[Passenger list, "KOOMBANA" 37, compiled 02 April 1912, Adelaide Steamship Company. Noel Butlin Archives Centre, Australian National University, 0186/N46/634]
From Fremantle Pearson Capt. Wharfinger at Derby
[Passenger list, "KOOMBANA" 37, compiled 04 June 1912, Adelaide Steamship Company. Broome Historical Society]
List of passengers known to have been bound for Derby.
From Fremantle [saloon]
Captain Pearson, Wharfinger at Derby, has family on farm,
William Robin Springfield Victoria.
[Barker, Malcolm, 2001, The Truth Is So Precious, Success Print, Perth, Western Australia, page53]
Captain William Pearson, Wharfinger
Mr Alfed Piper, Manager of Meda station owned by the Emmanuels
Mr George Piper, Manager of Margaret Downs Station
Mr R Jenkins, Emmanuel Brothers representative at Derby
Mr Dean Spark, proprietor of a Wine Saloon at Derby
["Story of the Koombana", The Sunday Times (Perth, WA), Sunday 31 March 1912, page 12]
SOME OF THE PASSENGERS.
Now that it appears more than probable that the Koombana no longer exists, the personality of the passengers who most likely have shared her untimely fate will be of interest. Amongst them are several well-known people, and it is quite possible that some of them may have left the ship at an intermediate port.
Captain Pearson, the wharfinger at Derby, which was his destination by the Koombana, is an old sea captain, and was formerly in the employ of the Melbourne Steamship Company. He was for years in Fremantle, where he was very well known there.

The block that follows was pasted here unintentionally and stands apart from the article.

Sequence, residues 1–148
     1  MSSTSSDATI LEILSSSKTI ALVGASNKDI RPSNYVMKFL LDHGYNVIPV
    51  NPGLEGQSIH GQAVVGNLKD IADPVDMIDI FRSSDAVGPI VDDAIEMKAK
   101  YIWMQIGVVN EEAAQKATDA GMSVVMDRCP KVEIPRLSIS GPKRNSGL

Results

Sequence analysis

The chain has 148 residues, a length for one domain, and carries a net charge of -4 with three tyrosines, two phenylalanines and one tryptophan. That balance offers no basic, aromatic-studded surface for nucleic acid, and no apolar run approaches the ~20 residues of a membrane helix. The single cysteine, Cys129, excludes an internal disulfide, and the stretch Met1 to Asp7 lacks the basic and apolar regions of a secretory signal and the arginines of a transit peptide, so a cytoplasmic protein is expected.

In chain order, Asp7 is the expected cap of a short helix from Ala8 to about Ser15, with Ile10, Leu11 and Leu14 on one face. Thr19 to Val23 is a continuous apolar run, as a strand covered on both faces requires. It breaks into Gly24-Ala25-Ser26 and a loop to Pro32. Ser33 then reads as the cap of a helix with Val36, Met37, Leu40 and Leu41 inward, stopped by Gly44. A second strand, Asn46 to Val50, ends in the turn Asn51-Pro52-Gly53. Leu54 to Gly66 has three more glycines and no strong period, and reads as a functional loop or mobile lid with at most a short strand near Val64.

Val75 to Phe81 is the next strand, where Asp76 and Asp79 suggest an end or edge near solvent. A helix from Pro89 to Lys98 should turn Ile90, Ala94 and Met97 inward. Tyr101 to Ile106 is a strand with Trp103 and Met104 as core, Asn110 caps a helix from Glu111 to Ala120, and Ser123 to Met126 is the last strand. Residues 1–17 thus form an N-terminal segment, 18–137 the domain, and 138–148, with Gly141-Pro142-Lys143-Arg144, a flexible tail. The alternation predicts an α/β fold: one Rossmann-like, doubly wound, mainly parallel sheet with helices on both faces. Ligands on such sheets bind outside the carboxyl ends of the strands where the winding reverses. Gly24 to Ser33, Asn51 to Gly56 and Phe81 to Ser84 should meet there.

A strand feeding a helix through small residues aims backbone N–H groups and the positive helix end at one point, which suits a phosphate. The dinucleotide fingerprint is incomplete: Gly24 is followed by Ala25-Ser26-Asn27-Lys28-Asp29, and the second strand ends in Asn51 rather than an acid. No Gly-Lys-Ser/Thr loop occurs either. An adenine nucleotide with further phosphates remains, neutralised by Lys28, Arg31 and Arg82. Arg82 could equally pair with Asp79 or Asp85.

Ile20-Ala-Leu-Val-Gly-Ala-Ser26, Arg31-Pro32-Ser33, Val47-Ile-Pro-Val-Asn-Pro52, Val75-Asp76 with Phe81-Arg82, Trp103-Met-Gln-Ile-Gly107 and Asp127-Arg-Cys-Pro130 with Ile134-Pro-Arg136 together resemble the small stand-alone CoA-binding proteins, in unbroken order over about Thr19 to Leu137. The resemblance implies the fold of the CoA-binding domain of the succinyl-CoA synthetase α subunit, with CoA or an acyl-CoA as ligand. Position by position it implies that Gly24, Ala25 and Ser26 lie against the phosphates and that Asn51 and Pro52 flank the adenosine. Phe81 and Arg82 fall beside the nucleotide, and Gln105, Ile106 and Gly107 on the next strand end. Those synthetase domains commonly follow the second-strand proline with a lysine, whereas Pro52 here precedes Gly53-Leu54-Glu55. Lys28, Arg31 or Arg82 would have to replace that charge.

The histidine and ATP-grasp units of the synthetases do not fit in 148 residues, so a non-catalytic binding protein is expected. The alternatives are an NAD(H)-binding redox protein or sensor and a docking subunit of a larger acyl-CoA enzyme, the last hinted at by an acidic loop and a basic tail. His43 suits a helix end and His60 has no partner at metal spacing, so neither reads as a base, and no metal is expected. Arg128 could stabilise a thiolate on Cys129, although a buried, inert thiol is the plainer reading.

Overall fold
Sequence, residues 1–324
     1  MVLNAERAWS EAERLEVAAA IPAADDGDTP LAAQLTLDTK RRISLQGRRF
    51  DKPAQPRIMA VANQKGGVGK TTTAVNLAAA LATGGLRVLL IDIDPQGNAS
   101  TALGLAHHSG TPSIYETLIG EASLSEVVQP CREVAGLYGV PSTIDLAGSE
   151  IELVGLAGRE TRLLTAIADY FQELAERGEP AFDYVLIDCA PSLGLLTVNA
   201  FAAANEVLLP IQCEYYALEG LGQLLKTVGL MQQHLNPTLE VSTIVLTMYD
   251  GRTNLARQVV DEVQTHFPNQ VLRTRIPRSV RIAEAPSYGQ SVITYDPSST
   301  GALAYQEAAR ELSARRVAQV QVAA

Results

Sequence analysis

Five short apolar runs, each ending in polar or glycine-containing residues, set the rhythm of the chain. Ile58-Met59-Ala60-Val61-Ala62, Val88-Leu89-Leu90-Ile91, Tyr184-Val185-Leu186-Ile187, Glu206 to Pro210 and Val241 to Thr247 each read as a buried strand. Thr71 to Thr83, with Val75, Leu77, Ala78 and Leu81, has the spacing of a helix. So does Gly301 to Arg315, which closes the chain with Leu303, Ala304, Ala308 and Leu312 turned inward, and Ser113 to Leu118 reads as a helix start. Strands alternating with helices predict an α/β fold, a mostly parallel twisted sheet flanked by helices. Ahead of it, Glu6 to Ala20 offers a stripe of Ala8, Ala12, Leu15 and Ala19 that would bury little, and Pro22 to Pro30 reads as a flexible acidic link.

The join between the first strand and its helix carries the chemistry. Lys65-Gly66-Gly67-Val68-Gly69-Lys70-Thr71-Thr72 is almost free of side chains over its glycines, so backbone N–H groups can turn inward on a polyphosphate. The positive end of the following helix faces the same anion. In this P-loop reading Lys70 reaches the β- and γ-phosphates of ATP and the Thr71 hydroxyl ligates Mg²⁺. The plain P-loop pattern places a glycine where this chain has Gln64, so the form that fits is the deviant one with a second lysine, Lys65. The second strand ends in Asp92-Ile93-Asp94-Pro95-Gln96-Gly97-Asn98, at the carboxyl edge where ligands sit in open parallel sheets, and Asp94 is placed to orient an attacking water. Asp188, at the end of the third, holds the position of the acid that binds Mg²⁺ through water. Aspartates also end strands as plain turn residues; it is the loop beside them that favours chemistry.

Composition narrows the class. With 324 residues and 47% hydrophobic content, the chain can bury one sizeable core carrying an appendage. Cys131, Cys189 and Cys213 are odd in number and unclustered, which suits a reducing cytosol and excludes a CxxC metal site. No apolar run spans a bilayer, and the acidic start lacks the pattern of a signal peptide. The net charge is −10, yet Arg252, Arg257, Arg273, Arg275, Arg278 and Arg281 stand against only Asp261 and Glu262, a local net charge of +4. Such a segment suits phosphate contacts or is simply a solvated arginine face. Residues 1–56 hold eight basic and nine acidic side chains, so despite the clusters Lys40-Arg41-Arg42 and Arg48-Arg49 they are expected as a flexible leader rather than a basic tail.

["Loss of the Koombana", The Northern Times (Carnarvon, WA), Saturday 13 April 1912, page 2]
"THE CABIN DOOR.
EVEN PRESSURE FROM OUTSIDE.
THE PROBABLE OCCUPANTS.
Mr. Burges and Mr. Norbert Keenan, both of whom were passengers as far as Roebourne on the Koombana's last trip, informed us that 1-2-3 was occupied by Mr. Simpson of the Public Works Department, and Capt. Pearson the Derby wharfinger. The fact that the door was unlocked may not prove that the shutting in of the passengers was not carried out, for the outer doors leading from before the music room to the outer deck may have been locked and the pressure on the cabin door came only after the sea forced its way through the outer door or through the music room windows.
Pearson and Simpson shared the port-side stateroom immediately for'ard of the Second Officer's cabin. Its door opened toward the bow, but immediately adjacent to double doors out onto the deck, and directly opposite the swinging doors to the social hall.
If the ship went through a big sea, or rolled heavily to port (not necessarily capsizing), this door would have been directly in the path of the incoming water.
["Some of the Passengers", Broome Chronicle (WA), Saturday 06 April 1912, page 2]
Among the passengers were:--
Captain Pearson, booked for Derby, wharfinger at that port. He recently returned from a trip to Victoria, leaving his wife and family there, as he intended resigning his position in Derby.
["Captain Pearson (Passenger)", The Western Mail (Perth, WA), Saturday 06 April 1912, page 24]